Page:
Sandwich panels take heavy hits
Metallic foam may revolutionise safety, writes NEIL McDONALD
HI-TECH aerospace-style materials that could make cars lighter and safer are being researched by Swinburne University of Technology engineers in Melbourne.
The aluminium foam and honeycomb components could have widespread application in the car industry, Swinburne mechanical engineering lecturer Dr Tracy Dong Ruan says.
The aircraft industry already uses sandwichtype materials and Ruan is confident carmakers will follow suit.
Cars made of the materials could be lighter and use less fuel, she says.
The Port Melbourne-based Co-operative Research Centre for Advanced Automotive Technology is supporting Swinburne’s work.
It’s research program manager, Dr Gary White, says metallic foams are well suited to car parts that sustain impact.
‘‘Bumper mounts, door openings and intrusion bars are examples of components that may improve in crash performance if metal foams are part of their design,’’ he says.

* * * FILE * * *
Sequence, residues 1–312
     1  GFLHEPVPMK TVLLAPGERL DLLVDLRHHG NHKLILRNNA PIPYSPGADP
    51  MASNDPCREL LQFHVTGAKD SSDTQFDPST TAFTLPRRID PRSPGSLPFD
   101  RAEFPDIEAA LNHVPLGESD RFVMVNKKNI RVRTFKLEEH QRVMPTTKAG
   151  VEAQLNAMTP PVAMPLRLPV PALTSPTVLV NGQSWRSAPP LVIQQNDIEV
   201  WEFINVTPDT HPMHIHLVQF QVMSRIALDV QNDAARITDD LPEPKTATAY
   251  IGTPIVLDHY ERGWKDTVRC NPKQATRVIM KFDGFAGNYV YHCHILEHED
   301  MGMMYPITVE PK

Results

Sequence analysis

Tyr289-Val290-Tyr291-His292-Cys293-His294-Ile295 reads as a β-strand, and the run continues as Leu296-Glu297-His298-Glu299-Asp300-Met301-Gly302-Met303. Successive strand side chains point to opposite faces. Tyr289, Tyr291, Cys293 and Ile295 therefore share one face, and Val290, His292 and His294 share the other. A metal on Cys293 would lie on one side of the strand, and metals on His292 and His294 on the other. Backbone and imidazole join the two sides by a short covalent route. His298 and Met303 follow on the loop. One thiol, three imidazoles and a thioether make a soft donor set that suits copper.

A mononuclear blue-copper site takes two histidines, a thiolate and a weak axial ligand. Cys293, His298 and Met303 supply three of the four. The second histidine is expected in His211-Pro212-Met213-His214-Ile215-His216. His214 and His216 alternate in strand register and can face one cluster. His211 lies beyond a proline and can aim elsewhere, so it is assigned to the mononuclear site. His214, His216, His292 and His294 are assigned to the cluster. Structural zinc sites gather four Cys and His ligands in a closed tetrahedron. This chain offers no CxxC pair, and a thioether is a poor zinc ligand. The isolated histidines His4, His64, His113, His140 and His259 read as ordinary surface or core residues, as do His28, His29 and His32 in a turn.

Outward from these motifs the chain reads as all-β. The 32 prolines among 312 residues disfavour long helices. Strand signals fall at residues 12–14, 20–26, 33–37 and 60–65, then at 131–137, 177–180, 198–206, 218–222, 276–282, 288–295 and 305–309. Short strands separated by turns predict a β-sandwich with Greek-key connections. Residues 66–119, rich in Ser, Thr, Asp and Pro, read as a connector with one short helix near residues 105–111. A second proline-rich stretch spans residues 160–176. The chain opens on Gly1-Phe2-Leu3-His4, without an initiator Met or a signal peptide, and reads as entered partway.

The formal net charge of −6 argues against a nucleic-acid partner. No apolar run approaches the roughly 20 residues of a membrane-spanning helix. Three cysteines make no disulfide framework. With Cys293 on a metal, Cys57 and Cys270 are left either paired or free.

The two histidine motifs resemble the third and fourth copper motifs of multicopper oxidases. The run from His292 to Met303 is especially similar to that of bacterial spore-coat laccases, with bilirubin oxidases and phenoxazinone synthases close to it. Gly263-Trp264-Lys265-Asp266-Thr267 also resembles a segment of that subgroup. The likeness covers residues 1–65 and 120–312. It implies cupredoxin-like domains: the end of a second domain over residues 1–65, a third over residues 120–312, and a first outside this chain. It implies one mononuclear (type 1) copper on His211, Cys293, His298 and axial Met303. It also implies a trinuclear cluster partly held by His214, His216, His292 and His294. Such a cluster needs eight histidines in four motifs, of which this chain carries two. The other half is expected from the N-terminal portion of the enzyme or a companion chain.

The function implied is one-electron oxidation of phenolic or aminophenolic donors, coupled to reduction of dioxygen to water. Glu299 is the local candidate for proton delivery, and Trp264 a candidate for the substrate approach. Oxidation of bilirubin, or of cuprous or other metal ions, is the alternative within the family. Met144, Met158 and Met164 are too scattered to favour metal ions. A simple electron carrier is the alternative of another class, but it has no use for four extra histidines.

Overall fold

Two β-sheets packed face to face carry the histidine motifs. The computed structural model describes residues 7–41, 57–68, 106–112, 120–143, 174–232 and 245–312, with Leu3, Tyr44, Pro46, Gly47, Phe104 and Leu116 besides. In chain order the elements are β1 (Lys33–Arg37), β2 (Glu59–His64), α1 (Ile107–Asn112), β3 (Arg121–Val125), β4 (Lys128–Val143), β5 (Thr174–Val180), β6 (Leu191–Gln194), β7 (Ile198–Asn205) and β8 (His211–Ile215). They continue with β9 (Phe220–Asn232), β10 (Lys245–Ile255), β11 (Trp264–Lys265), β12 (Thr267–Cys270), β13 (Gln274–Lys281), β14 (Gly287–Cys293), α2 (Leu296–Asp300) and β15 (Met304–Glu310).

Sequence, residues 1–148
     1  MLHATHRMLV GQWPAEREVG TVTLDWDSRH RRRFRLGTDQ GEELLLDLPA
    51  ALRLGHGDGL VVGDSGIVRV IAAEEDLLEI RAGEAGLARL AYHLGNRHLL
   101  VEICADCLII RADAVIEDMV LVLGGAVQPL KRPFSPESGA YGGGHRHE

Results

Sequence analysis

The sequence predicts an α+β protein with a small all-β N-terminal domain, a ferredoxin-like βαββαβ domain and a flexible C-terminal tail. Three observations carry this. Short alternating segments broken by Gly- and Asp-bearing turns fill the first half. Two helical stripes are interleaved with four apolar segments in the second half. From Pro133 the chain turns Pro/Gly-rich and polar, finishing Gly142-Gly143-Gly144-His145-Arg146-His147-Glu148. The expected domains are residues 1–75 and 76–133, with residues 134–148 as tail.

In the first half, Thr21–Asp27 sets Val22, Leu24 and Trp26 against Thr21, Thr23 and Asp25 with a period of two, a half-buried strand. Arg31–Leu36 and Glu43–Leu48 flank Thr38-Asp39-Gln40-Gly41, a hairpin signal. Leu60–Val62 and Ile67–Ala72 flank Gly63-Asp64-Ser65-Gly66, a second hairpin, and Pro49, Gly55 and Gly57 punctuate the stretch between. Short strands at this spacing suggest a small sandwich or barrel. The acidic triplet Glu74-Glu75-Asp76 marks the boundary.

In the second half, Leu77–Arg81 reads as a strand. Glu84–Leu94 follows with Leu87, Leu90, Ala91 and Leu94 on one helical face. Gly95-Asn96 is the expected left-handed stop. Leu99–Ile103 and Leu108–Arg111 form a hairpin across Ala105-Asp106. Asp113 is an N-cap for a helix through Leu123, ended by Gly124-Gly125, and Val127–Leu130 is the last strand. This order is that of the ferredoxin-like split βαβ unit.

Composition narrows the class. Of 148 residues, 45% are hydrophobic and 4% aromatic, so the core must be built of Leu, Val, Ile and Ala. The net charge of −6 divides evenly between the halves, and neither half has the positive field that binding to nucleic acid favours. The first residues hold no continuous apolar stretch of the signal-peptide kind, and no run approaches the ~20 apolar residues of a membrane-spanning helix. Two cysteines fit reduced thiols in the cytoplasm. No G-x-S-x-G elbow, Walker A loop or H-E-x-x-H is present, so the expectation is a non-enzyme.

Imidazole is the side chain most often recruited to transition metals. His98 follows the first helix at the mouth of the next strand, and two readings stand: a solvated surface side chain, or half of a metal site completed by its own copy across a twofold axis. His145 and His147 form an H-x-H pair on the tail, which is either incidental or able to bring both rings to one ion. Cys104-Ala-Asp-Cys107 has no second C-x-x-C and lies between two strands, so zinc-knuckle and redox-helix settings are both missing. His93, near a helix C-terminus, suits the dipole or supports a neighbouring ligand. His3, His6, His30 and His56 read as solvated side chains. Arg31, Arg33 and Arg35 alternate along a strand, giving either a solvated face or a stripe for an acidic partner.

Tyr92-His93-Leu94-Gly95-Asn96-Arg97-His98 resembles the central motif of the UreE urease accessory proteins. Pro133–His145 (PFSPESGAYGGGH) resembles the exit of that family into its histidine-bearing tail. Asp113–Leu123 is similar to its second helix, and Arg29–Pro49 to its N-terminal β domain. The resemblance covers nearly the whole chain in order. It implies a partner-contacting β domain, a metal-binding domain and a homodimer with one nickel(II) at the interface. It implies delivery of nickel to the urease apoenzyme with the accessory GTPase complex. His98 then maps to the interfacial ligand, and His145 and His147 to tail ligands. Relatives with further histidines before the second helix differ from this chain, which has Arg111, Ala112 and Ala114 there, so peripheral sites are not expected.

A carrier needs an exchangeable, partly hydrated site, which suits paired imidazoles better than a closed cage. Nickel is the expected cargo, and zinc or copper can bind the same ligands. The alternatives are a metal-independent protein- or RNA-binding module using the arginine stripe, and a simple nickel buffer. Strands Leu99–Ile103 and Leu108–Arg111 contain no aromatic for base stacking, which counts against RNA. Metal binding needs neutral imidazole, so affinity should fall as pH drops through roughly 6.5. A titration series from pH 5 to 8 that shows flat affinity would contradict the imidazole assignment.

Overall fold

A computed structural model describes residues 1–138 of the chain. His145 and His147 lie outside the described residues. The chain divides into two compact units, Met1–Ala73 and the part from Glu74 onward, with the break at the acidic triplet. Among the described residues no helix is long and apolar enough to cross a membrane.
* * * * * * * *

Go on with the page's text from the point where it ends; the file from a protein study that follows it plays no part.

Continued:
White says the Swinburne findings will be presented on a global stage for the auto industry.
‘‘There is a big opportunity to use these materials in new vehicles like electric cars,’’ he says. ‘‘As we move to electric vehicles there is still a need for light weight and good crash performance.’’
Ruan says ongoing research will provide a better understanding of the crashworthiness and energy-absorbing properties of the materials.
‘‘It will potentially open the way for their application in safer automobiles, and it will be significant for Australia’s design of environmentally friendly, lighter and safer cars.’’
She says the sandwich panels give better protection in a crash than those on regular steel-bodied cars. The aluminium foams and honeycombs can have large, plastic deformation at an almost constant and relatively low force.
In an accident, the aluminium foams and honeycombs can crush to absorb impact energy, protecting passengers from injury or the core car safety cell from being damaged.
The metallic foam core inside the sandwich panels being studied will compress to absorb impact energy, decreasing the impact force of a collision on a vehicle’s passengers.
Typically, the energy absorbed by aluminium sandwich panels is double the energy absorbed by solid metals of equivalent mass.
Asorbs impact: Swinburne University’s Dr Tracy Dong Ruan with the honeycomb sandwich panels and aluminium foam. Picture: MANUELA CIFRA